Growing Thyme


Thyme – the health-giving herb

In ancient times, Thyme was known as a health and life-giving herb. It was used medicinally for such broadly differenting ailments as tonsillitis, asthma, gout, and headaches and it was considered one of the best cures for whooping cough. In modern times, however, Thyme is mostly used for culinary purposes. It is primarily used in meat dishes, especially with beef. Thyme can also be used in herb butters and with vegetables.

Related to other fragrant herbs

A member of the mint family (Labiatae), Thyme is related to other familiar organisms such as Marjoram, Oregano, and Sage. Thyme itself contains a special substance, thymol, which gives it its characteristic taste and fragrance and has a cleansing and antiseptic effect. There are about 300-400 different species, most of which grow in the countries around the Mediterranean. A few hardier varieties grow further north and east, but the most common is the southern European Garden Thyme, Thymus vulgaris.

Garden Thyme

Also called Common Thyme, Garden Thyme is a small semi-woody shrub with a mounding growth habit. It can be between 6-15 inches in height and has tiny, dark-green leaves.

The plant comes into bloom in June-July with small dense clusters of tiny whitish to lilac flowers. Common Thyme is quite hardy and has no real problems overwintering, but it's also a good idea to overwinter a little pot of Thyme indoors on the windowsill. It will also grow well in a balcony box in the summer and can easily be renewed with seed. Garden Thyme is the most commonly used Thyme for cooking.

Lemon Thyme– Thymus x citriodorus

This Thyme can be distinguished from Common Thyme by its scent. As the name suggests, it has a strong lemon essence when rubbed. The golden-yellow variety 'Aureus' is particularly attractive and is often grown for its decorative value alone.

Wild Thyme– Thymus serpyllum

Wild Thyme can be found growing on cliffs and heathlands of Northwestern Europe. It has mat-forming stems which send down roots from the nodes as it grows. In this way, the plant can spread over broad areas with its low, creeping growth. It is quite attractive when the pretty purple flowers are out in midsummer. There are also cultured varieties with colors ranging from white, through pink to deep, dark red.

Propagating Thyme


Thyme can be easy to increase by dividing older plants, in the spring; new "plantlets" should be planed out at a distance of 6-10 inches apart.


The Garden or Common Thyme is best propagated with seeds sprinkled out on a warm, sunny seed bed or in a seed tray. The seeds need not be covered, just lightly pressed into the moist soil. Very young plants need regular watering, but they can later tolerate periods of dryness without real difficulty. Thin out the plants to a distance of about 10 inches in June-July and cut back, though not too severely, to encourage a more bushy growth.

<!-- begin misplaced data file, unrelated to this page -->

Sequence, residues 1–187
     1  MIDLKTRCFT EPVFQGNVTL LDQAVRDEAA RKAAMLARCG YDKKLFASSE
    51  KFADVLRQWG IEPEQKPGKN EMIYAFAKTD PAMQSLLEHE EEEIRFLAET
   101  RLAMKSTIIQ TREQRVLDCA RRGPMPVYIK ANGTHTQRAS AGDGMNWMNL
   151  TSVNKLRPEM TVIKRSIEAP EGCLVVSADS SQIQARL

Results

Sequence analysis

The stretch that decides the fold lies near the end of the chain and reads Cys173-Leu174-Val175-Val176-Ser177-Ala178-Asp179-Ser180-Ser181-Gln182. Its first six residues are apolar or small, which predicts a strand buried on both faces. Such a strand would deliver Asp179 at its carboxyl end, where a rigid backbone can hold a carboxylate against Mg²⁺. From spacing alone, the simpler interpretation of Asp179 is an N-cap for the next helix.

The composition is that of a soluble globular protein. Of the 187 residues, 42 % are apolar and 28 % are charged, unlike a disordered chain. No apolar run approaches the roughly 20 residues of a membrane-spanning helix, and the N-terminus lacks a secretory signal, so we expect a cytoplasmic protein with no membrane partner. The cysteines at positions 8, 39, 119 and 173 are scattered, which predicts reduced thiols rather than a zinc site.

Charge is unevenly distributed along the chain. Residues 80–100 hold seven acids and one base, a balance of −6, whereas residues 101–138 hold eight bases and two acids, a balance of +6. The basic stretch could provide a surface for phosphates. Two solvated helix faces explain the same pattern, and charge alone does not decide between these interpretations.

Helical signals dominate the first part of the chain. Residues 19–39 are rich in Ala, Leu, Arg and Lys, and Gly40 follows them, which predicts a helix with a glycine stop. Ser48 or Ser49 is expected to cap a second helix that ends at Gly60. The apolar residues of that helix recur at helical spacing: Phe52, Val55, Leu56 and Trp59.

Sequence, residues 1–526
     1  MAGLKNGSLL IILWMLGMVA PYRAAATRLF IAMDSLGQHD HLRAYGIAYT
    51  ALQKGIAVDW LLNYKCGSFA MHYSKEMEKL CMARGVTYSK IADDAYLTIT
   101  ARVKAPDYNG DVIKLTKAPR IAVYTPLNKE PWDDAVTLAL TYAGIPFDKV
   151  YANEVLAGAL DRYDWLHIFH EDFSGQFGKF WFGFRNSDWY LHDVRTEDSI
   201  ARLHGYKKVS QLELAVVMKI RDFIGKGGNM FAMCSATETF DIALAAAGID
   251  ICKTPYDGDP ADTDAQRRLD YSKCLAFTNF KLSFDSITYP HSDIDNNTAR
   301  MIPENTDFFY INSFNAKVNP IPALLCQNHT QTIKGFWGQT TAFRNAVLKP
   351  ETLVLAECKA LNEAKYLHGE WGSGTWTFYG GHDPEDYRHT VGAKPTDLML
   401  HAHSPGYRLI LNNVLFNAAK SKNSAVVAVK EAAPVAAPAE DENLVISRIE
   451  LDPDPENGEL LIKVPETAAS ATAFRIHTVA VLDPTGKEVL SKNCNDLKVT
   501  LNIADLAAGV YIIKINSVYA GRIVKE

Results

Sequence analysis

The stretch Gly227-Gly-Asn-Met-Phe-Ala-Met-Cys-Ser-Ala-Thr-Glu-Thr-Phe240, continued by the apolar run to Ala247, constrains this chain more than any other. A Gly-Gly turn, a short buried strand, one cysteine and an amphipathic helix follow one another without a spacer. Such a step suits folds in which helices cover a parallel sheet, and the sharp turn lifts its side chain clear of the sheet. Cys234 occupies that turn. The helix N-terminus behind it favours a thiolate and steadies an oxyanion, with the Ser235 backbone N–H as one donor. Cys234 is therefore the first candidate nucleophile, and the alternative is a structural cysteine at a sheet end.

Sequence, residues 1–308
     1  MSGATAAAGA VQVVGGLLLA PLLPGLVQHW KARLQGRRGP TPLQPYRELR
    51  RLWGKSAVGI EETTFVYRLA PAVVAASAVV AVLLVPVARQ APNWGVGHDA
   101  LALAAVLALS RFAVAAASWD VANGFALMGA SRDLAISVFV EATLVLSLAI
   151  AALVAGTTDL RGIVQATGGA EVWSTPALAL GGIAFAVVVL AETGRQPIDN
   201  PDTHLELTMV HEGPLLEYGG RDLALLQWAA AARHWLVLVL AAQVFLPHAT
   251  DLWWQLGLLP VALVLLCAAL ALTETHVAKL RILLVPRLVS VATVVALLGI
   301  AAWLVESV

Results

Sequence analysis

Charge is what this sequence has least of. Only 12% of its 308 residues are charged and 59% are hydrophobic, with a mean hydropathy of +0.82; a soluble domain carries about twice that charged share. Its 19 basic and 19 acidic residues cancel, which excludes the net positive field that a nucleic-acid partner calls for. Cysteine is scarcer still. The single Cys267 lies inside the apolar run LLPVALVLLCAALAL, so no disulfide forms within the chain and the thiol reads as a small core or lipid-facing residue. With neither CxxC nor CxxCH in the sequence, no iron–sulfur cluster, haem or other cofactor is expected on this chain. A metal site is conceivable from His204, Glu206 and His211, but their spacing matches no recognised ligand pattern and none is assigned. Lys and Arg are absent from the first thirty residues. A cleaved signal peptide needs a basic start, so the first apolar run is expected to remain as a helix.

Lemon Thyme is fairly easy to propagate with cuttings taken with a little "heel" from the main stem. Plant the cuttings in porous, sandy soil.

Harvesting Thyme for cooking

Thyme is best harvested in late spring / early summer, just before flowering. To use it fresh, snip small pieces. To dry Thyme, use longer pieces placed in a tray or hung upside down in a shady, well-ventilated area. Once dried, strip the leaves from the stems and store in an airtight container in a cool place.

Plant Doctor

Thyme is not normally attacked by insects or disease and the greatest threat to its well-being is to be given the wrong home in cold, damp soil with poor drainage. Two to three year old plants overwinter better than older plants and it is a good idea to renew Thyme every other year.

Buying Tips

Seeds and plants are available in most nurseries.

Lifespan: Thyme should be renewed every second or third year.
Season: As an herb, harvest immediately before flowering. As a decorative plant, all year, especially in the flowering season from June through August.
Difficulty quotient: Very easy.

In Brief

Size and Growth Rate

Thymes are small perennial shrubs grown both for decoration and cooking purposes. Common Thyme and Lemon Thyme can be anywhere between 6-15 inches tall, while Wild Thyme has a more creeping growth.

Flowering and fragrance

Thyme blooms from June through August / September. Common Thyme has flowers ranged in color from white to lilac. Wild Thyme has purple flowers, but there are varieties with colors ranging from white through pink to deep red. Lemon Thyme has pale lavender flowers. All of the plants have a strong, aromatic fragrance and Lemon Thyme has a lemon-like fragrance.

Light and temperature

Thyme is a real sun worshiper and thrives best in a warm spot in the garden; for example, facing south out of the wind against a wall. Younger plants are more winter hardy than older ones, which can die in the winter frost.

Watering and feeding

Potted plants should be watered regularly, but allow the soil to dry quite a bit between waterings. In the garden, do not let tiny seedlings dry out; established plants can tolerate considered daught. Feed with a weak fertilizer solution only 1 or 2 times, in the spring, since Thyme actually thrives better in a rather poor soil.

Soil and transplanting

Thyme prefers a light, well-drained soil. Plants which have been overwintered in pots should be potted on in March. Potting soil with extra sand added is best. Use a larger pot, if necessary.


If Thyme is used for flavoring, harvest just before flowering, since this is when the aroma is stronger.


Propagation is easiest with seed, but also propagate by division or with cuttings taken with a heel.


Grow Thyme in any sunny area – in the garden, in a window box, or on a windowsill indoors.

Source by Carol J Miller

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